The type and intensity of the inhibitory effect of quercetin on tyrosinase were studied using enzyme inhibition kinetics with L-dopa as a substrate. The type of fluorescence quenching, binding sites, and the type of interaction between quercetin and tyrosinase were analyzed using fluorescence spectroscopy. Furthermore, the molecular mechanism of the inhibitory effect was investigated using flexible molecular docking. The results showed that quercetin inhibited the activity of tyrosinase with an inhibitor constant (KI) of 36 mM. Quercetin can be regarded as a competitive and reversible inhibitor of tyrosinase. Quercetin bound to the active site of tyrosinase via hydrophobic interactions and hydrogen bonds at a ratioof 1:1, and quenched the fluorescence of tyrosinase by static quenching. Concomitantly, molecular docking results confirmed that quercetin occupied the active site of tyrosinase and formed strong hydrogen bonds with residues Asn260 and Gly62 located at the active site of tyrosinase. Moreover, hydrophobic interaction played a key role in stabilizing the structure of the complex formed. ©, 2015, South China University of Technology. All right reserved.


Cao W.M.,Jiangnan University | Cao W.M.,Shanghai Grain Science Research Institute | Zhang K.Y.,Jiangnan University | Xue B.,Shanghai Grain Science Research Institute | And 3 more authors.
Asian Journal of Chemistry | Year: 2013

Polar compounds were obtained by preparative flash chromatography (PFC). Oxidized triacylglycerol oligomers (TGO), oxidized triacylglycerol dimers (TGD), oxidized triacylglycerol monomers (ox-TGM), diacylglycerols (DG) and free fatty acids in oil were separated through high-performance size-exclusion chromatography (HPSEC). A pool of mixed TGP standard samples was used to check linearity, limit of detection (LOD, S/N3 3) and limit of quantification (LOQ, S/N3 10). The calibration curves for TGO and TGD were linear in the range of 28-1800 and 11-2800 mg/L with coefficients (r2) greater than 0.99, respectively. The LOD and LOQ were 28 and 1800 mg/L for TGO, 11 and 2800 mg/L for TGD. The LOD is 0.01 % for TGP. The repeatable relative standard deviations (RSDs) of TGP was less than 10 %. Three concentrations of polar compounds-spiked samples were separated by PFC with recoveries ranging from 95.4-97.7 % with RSDs less than 4 %. PFC-HPSEC matched traditional silica column well. TGP determination was completed within 2 h.


Feng H.,Northeast Agricultural University | Li Y.,Northeast Agricultural University | Sui X.,Northeast Agricultural University | Qi B.,Northeast Agricultural University | And 3 more authors.
Nongye Gongcheng Xuebao/Transactions of the Chinese Society of Agricultural Engineering | Year: 2016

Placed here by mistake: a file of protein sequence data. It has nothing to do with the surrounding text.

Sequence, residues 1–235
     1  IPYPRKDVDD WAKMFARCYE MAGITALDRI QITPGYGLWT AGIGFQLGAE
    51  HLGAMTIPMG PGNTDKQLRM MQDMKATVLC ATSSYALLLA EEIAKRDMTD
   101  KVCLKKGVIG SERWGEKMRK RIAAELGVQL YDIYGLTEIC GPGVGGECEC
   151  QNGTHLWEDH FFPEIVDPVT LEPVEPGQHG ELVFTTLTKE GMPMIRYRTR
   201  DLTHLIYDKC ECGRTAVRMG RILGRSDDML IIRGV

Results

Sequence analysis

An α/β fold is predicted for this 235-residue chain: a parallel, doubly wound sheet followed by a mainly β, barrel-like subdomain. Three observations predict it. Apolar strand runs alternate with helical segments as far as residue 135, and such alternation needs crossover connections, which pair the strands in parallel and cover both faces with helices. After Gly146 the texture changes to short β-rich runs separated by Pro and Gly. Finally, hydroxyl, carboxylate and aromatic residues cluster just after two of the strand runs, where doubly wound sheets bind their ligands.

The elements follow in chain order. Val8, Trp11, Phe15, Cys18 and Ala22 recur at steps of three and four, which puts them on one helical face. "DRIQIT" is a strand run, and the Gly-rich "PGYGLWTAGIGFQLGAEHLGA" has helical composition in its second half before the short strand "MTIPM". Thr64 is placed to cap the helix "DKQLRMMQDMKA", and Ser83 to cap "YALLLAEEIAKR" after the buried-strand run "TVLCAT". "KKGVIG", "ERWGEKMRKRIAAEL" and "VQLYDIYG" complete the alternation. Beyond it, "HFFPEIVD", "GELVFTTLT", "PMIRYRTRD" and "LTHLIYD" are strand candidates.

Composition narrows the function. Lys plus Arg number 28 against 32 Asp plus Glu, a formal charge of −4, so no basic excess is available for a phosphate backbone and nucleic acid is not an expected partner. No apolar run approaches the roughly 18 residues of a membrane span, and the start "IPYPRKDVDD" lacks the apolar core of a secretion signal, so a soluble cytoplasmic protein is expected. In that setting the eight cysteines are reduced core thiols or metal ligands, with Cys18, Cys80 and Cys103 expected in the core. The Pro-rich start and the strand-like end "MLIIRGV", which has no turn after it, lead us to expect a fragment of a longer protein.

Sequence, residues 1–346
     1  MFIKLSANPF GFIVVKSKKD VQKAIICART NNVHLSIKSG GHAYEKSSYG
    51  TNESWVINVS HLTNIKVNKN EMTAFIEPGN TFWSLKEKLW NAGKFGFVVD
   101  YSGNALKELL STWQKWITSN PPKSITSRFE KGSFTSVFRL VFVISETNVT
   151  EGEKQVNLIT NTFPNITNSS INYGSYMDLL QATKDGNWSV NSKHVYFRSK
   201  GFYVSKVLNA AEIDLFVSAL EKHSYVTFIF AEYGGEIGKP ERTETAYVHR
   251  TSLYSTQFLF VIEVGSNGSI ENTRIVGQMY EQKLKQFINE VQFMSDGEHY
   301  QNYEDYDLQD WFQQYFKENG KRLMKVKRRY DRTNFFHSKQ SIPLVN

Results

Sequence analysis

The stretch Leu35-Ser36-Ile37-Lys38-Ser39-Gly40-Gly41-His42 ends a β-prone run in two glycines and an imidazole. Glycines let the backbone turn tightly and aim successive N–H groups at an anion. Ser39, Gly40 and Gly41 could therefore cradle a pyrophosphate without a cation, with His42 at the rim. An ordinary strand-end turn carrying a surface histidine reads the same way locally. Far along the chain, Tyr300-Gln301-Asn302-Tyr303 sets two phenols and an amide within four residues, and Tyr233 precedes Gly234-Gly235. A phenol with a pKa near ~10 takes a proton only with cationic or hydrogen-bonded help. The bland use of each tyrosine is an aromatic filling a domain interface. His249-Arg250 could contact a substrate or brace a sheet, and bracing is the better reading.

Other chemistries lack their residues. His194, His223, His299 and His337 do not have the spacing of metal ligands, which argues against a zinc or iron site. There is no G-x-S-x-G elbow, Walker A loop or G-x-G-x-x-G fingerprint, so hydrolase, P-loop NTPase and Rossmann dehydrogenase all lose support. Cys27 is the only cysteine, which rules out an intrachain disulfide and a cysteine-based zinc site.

Frying is a traditional and popular processing method for the food preparation throughout the world. Frying can not only confer good flavor and color, but also generate many kinds of reaction products, affecting the quality of the oil and the food. A lot of published literatures focused on the quality of the frying oil. However, for direct consumption, the quality of the fried food affects human's health and safety, and thus addressing the study on the quality of the fried food is needed. As we all know, the content of total polar compound (TPC) is one of the most valid and objective criteria for the evaluation of deterioration of oils during deep frying. Thus, in this study, our research was mainly focused on the content and composition of polar compounds in the lipids absorbed on the surface of fried food during deep frying. Preparative flash chromatography, as a convenient and fast way, was adopted to separate polar compounds from the oil and the absorbed lipids of fried food. The obtained polar compound was further analyzed by high performance size-exclusion chromatography to determine its main compositions. The results indicated that the contents of TPC from both the fried oil and the absorbed lipid of fried food were gradually increasing with the number of frying times. No significant difference of TPC content between the rest oil of treatments and the sample of control was observed for the number of frying times of 1-30 (the heated oil without adding French fries was the control). However, TPC content of the control was significantly higher than that of the rest oil of treatments for the number of frying times of 40-60, indicating that the addition of potatoes to a certain extent could help inhibit the formation of polar compounds. In addition, frying times significantly changed the distribution of polar components, which were oxidized triglyceride oligomers (TGO), oxidized triglyceride dimers (TGD), oxidized triglyceride monomers (ox-TG), diacylglycerols (DG), free fatty acids and sterols (FFA & sterols), and some unknown compounds with small molecule, not only in the frying oil but also in the absorbed lipid of fried food. The contents of TGO, TGD and ox-TG in samples of the control, the rest oil of treatments, and the absorbed lipid of fried food were significantly (P<0.05) increasing with the number of frying times. But under the same condition, the contents of TGO, TGD and ox-TG in the absorbed lipid of fried food were much lower than those in the rest oil of treatment, while the difference of the contents of TGO, TGD and ox-TG between the control and the treatment was affected by the number of frying times. On the other hands, a little change was observed in the content of DG and FFA & sterols of all the samples for the frying times of 60. More kinds of unknown compounds with small molecule were generated with the increase of frying times. In conclusion, the content and the composition of TPC in the frying oil and the absorbed oil of fried potatoes are seriously affected by frying times. And in some extent, the health value of the fried potatoes is also influenced. Taking into account of the potential threat of polar compounds to human health, the frying times must be strictly controlled. © 2016, Editorial Department of the Transactions of the Chinese Society of Agricultural Engineering. All right reserved.